Tuesday, January 25, 2005

On "Garden State" and Waiting for Perfection

Well, I never made it to Gethsemani. During this past weekend various events unfolded that spoke to my intuition saying that perhaps now was not the time to go. I have postponed my trip until later this year.

Thanks to a recommendation from my friend Kevin, I also watched the movie "Garden State" this past weekend. The film immediately jumped into my Top 10 list of favorite flicks. It spoke to me on so many levels and is both humorous and profound. And strangely enough it helped ease some mental dissonance that had been created while reading Paramahansa Yogananda's "Second Coming of the Christ" (a commentary on the 4 Gospels of the Christian Bible). Let me explain.

While this book ("Second Coming") is amazing and insightful, I do find one aspect of it with which I find I cannot resonate. Yogananda continually alludes to a philosophy that says that matter (our physical world) is BAD and the world to come (heaven/illumination/enlightenment) is GOOD. Time and again he speaks of how the goal of life is to eventually escape this Satanic and unbearable world and forever enter into the world beyond forms.

The problem with this philosophy is the same as the problem with Christianity's view of heaven and also its fascination with The Rapture (see "the Left Behind" series). In this view, the 'NOW' is constantly unbearable, incomplete, and marred. Physical form is simply something to be overcome: this world is incomplete and the next world is perfection. We put Salvation and Goodness OUT THERE somewhere and therefore have license to ignore the Salvation and Goodness of our present moment/circumstance.

"Garden State" helped me see the ridiculousness of this philosophy. The film is a story about regaining FEELING and EMOTION - both very "earthy" and "worldly"experiences. See, I believe that physical existence/life is to be embraced, created, and lived, not overcome. Spirituality can help us understand that this world is not ALL there is (that our true existence belongs outside of this world) but I don't believe it is to help us to leave this world behind entirely. Blogger Isaiah very frequently talks about Divine Order - that everything is happening exactly as it is supposed to happen. I believe this world is of Divine Order - we are here for a reason: to experience life with all its pains, joys, sensations, relationships, and apparent tangledness. Life is for the living. When I die I will experience nothingness and an escape from the world of form, but while I'm here, I'm going to live damnit. God is equally in the world of form as God is in emptiness.

Andrew Largeman: Fuck, this hurts so much.
Sam: I know it hurts. But it's life, and it's real. And sometimes it fucking hurts, but it's life, and it's pretty much all we got.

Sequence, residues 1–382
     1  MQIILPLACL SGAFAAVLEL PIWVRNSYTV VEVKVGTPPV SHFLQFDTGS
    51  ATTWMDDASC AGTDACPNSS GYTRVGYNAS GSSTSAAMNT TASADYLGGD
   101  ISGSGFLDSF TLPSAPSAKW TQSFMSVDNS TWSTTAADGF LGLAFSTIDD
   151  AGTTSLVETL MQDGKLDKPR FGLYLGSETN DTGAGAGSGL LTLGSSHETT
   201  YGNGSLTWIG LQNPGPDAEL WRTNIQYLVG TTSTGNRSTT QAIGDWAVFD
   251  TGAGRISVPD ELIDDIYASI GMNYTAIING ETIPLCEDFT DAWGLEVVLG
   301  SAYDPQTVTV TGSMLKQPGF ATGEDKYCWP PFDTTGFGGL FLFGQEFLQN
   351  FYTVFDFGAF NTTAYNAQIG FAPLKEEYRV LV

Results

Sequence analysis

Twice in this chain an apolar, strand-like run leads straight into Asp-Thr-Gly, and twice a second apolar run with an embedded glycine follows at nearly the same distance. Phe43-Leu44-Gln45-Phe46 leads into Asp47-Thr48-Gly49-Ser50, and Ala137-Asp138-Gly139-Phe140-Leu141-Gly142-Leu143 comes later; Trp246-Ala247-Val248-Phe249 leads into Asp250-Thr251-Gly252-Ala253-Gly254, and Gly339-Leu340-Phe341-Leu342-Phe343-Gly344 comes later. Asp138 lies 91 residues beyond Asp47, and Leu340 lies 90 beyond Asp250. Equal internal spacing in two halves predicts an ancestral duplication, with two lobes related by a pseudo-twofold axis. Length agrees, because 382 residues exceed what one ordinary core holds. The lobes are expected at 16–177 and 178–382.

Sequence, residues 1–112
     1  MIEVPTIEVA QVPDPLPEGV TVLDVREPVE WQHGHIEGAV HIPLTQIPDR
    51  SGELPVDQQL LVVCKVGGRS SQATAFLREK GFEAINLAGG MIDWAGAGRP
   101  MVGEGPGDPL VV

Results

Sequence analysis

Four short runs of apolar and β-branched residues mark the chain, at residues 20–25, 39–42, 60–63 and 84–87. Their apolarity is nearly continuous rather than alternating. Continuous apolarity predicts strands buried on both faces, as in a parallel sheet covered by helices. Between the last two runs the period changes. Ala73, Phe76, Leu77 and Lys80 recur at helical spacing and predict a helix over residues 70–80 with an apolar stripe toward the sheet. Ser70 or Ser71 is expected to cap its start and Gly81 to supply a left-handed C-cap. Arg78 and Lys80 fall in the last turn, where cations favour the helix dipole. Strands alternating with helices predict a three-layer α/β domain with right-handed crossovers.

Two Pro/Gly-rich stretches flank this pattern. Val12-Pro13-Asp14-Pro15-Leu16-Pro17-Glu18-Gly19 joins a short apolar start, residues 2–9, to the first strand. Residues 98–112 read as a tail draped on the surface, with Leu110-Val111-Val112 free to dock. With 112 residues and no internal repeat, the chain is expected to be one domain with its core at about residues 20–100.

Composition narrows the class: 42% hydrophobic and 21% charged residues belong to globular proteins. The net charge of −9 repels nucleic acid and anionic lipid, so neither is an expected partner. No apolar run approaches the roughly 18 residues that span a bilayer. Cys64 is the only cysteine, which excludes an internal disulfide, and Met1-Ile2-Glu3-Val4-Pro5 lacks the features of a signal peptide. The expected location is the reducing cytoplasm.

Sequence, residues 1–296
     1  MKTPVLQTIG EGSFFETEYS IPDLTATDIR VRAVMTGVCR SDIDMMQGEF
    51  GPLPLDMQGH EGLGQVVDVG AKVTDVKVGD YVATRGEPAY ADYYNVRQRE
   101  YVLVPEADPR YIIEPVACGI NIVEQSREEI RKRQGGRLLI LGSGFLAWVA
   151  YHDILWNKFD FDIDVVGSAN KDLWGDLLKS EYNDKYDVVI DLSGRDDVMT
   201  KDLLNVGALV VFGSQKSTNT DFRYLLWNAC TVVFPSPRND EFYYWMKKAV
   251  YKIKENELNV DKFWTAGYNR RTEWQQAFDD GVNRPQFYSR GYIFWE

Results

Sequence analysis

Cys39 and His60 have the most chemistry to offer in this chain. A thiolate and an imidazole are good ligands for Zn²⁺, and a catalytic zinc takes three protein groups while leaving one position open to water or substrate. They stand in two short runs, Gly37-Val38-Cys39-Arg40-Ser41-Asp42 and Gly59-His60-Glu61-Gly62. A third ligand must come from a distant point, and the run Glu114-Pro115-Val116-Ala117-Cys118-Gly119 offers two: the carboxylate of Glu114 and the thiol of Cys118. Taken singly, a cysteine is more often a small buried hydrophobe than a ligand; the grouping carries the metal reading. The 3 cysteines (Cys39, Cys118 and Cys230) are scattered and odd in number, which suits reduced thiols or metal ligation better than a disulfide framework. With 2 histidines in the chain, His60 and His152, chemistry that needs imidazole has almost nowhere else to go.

While spirituality teaches us that this life is NOT "all we've got," there is truth in this quote and it is this: Live fully. Experience and savor the variety of emotions and feelings of this world. Even while doing this you can still keep in mind that this world is maya (or illusion) and that no matter what you experience it will never hurt, harm, or affect your Eternal Soul.

Henry Miller said "The aim of life is to live, and to live means to be aware: joyously, drunkenly, serenely, divinely aware." Embrace your worldliness... your earthiness! Union with God, Salvation, Goodness, Peace, Perfection are not just future events - they can be found here as well. If we choose to Wake Up, we can see that they are indeed here and now - all around us in this crazy playground called The World.


Erin said...

I saw Garden State in the theatre. Zach Braff (wrote, directed, starred in) is brilliant. He's the whole reason I went to see it. I LOVED it. Of course, I love any movie that leads me to ponder its philosophies for hours afterwards...

kev said...

right on, man. we're so submerged in this thinking that we have to feel like crap to worship our creator, like we're never good enough. enough! let's be free to know that the only reason we're miserable is because we want everyone to know the beauty of finding out what it's truly like to have every single thought and action be the right one, the beautiful one, if only to see what might happen to the world. and when it isn't that way, we get a bit down; BUT, still this joy persists, that we're still okay. i dig the separate nature of the soul from the body, and i dig how they work together as well. God did good.

Jon said...
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Jon said...

Trev, excellent point.

I too, believe that this is divine order. If there's no conflict, then there's no resolution. The darkness is necessary for light to be known. A lot of the emphasis in Hindu schools of thought and most Buddhist schools (other than Zen) is to achieve moksha or nirvana so you won't have to deal with "conditioned existence" anymore.

This was also the major reason the Church Fathers opposed Gnosticism, which held the belief that the world sucked so much, God couldn't possibly be the Creator, and an evil, false god must've created the earth and bodily existence. (The demonization of the cosmos as opposed to the drama of redemption.) Furthermore, a lot of ordinary Christians just see salvation as a way to "go to Heaven" instead of a way of bringing Heaven to earth.

Brad Warner's book Hardcore Zen really opened my eyes to the escapist element in spirituality. I recommend it.